[rescue] Advice on Octanes

Francisco Javier Mesa-Martinez lefa at ucsc.edu
Tue Sep 23 20:03:11 CDT 2003

On Tue, 23 Sep 2003, Kurt Huhn wrote:

> None taken.  I was just surprised by your response, which seemed out of
> character for you somehow.

Sorry again...

> > What I thought is that you seemed to think that the processor had a
> > "dedicated" port to each component in the system, i.e. Memory and I/O.
> > Which is not true, since the R10K has to do every request through the
> > same pins, since IO and memory are the same as far as it is concerned.
> > The only time the Xbow can be superior to a PC is when 2 processors
> > are pressent in which it will allow each processor to hit either
> > memory or I/O separatedly. For a single processor there is not much
> > gain from the Xbow when compared to a FeeCee.
> >
> Nononono.  I know what the architecture of an Octane is like.  Yes it
> has a crossbar, yes it has a heart chip, but in terms of bandwidth to
> the processor, there is a two-lane highway and only so many bits can fit
> on it.  However, in my experience, that bit limit is much higher on my
> Octane than the P-III - even with a single R12k.

The Octane has very wide paths to relative slow memory, FeeCees have
narrower paths to faster memory, so in the end they somehow manage to
catch up. The main point is that when an R10K issues an I/O request it
needs that request to be serviced before it can do anything else. Which is
the same for a FeeCee or any modern single context processor. No matter
how switched your system is, it really does not make a lick of difference
for the Xbow with respect to most modern single processor commodity
systems. Only time a switched system can perform better is when you have 2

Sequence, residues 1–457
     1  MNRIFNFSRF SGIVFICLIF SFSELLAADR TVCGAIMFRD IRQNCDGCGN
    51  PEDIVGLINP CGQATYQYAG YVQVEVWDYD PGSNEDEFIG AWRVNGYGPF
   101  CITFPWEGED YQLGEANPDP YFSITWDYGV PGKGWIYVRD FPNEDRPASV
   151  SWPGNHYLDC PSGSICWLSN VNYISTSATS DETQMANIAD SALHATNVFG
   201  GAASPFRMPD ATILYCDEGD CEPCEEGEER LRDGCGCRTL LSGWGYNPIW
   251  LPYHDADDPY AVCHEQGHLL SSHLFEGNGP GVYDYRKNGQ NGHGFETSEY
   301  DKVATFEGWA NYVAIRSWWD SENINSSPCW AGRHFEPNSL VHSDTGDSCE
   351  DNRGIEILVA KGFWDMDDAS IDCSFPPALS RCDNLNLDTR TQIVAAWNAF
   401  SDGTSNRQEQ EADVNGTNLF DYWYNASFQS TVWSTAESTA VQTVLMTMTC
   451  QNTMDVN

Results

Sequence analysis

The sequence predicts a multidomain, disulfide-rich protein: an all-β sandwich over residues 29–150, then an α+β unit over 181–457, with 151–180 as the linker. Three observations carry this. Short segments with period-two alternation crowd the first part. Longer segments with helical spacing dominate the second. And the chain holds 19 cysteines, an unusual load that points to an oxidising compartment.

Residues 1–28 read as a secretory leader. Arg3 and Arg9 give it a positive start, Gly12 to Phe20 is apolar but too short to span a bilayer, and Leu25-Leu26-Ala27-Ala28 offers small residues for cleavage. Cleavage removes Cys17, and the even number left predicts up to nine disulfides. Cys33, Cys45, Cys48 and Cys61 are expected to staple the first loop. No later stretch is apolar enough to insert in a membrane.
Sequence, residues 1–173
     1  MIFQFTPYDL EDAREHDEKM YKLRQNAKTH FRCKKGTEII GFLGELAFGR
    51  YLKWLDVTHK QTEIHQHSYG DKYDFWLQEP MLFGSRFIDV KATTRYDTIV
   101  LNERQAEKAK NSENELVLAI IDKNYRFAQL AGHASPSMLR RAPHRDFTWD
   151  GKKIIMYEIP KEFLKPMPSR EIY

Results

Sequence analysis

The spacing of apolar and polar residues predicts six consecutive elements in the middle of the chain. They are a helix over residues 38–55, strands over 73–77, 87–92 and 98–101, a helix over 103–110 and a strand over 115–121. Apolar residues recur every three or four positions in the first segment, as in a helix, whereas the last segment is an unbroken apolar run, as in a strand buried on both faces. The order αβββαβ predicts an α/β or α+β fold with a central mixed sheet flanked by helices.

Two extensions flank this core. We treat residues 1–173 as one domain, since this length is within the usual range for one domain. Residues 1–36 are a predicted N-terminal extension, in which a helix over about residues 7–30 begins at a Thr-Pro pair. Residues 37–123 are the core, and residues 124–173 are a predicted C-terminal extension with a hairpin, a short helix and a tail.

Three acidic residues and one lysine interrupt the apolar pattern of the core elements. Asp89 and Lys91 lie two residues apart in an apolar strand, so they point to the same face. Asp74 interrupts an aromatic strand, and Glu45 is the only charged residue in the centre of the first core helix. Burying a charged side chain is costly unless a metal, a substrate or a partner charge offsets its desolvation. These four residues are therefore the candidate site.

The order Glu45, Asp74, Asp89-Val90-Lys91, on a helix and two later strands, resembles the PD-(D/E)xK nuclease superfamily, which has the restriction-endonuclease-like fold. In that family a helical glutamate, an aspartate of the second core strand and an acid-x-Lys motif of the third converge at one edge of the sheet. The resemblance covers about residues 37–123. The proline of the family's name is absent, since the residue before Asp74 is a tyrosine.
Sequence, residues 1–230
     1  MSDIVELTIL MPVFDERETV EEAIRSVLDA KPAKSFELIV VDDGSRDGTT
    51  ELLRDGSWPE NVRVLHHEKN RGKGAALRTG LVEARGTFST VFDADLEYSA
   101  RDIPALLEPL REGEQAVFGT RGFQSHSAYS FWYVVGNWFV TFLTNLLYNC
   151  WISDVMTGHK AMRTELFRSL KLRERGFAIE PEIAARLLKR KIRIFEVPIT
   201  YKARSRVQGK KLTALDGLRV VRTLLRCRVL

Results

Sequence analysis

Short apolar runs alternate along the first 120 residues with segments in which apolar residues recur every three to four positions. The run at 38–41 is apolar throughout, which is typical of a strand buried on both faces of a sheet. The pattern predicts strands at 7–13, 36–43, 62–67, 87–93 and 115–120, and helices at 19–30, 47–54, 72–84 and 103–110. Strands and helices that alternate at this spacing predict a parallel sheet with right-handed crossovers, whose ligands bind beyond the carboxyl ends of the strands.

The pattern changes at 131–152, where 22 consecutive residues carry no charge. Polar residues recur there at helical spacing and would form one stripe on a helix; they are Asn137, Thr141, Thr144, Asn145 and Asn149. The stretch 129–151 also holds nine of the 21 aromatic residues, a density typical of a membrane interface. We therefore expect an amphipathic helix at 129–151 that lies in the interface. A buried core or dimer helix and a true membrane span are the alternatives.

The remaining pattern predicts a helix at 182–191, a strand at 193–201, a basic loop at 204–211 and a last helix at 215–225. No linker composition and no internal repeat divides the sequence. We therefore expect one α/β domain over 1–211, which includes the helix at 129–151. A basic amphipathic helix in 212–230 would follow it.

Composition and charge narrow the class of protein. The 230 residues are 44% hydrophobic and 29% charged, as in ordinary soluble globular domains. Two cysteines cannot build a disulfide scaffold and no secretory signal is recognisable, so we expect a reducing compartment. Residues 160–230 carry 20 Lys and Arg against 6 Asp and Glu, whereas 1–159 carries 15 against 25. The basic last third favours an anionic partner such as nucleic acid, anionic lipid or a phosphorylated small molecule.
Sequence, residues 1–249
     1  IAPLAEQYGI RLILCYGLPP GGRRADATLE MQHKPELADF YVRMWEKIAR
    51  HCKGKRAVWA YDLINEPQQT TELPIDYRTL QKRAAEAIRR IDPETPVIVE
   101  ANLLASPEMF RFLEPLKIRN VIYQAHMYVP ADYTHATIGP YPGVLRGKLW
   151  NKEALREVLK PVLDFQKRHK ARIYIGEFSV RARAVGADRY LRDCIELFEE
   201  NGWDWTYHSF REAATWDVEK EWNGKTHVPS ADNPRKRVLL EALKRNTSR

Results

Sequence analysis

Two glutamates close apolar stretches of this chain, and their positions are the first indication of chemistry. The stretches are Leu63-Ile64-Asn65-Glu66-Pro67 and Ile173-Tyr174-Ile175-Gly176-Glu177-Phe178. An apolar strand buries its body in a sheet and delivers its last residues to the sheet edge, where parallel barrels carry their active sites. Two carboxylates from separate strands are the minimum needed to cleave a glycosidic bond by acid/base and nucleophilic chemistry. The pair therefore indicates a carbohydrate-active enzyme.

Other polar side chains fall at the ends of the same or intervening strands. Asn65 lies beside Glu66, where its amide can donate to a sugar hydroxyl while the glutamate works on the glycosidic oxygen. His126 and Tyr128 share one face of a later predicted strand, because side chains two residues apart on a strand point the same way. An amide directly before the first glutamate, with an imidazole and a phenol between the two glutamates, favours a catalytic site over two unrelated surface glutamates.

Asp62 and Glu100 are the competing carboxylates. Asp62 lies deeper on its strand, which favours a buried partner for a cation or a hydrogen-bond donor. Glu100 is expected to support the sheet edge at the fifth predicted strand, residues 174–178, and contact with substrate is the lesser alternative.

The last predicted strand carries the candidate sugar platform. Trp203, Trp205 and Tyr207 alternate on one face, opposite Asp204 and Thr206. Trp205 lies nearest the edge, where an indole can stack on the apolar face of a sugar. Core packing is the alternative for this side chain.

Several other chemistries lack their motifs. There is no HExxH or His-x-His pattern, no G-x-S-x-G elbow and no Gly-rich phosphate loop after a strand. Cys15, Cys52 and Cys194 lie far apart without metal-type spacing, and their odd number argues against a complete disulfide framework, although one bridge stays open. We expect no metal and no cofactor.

processors in the system, since switches reduce the possibility of
contention. Again assuming that I/O and memory requests are being issued
at the same time. I believe there is only 1 port to memory from the Xbow
(I may be wrong) so when 2 processors hit memory then you have the same
contention problem as with a bused system, SGI may do something fancy
allowing 2 ports to memory but then you would have to be lucky enough that
the interleaving is such that each processor sees each leave all to

> > Newer Athlon and Xeon chipsets allow for switched approaches.
> >
> I wasn't aware of this.  I find it difficult to fathom though, how is it
> implemented?

You would be suprissed to know that there is little difference between
XIO and AGP :). So you have had a switched port in your FeeCee for a long

> > And I have a completely different experience, so I am glad that you
> > have the tool that you require for your job.
> Related note: We have a pile of new G4 xServes in the datacenter, and a
> pile of G5s on order?  Vector processing is a wonderful thing.

I view those units more as SIMD rather than vectors :)... but I guess
vector processing sounds far more sexy for Apple.

> developers ran our matrix simulations on a P-IV and then forked the code
> for the vector unit and ran it again, and then they threw a beer bash.
> I heard whispers of "five times faster" in intial testing from them.
> Awsome stuff.

The G4 and G5 have at least 2 SIMD units, if I recall correctly whereas
the PIV only has one. Plus the AltiVec stuff shows the power of RISC when
it comes to pipelining and more importantly pipelining SIMD ops....

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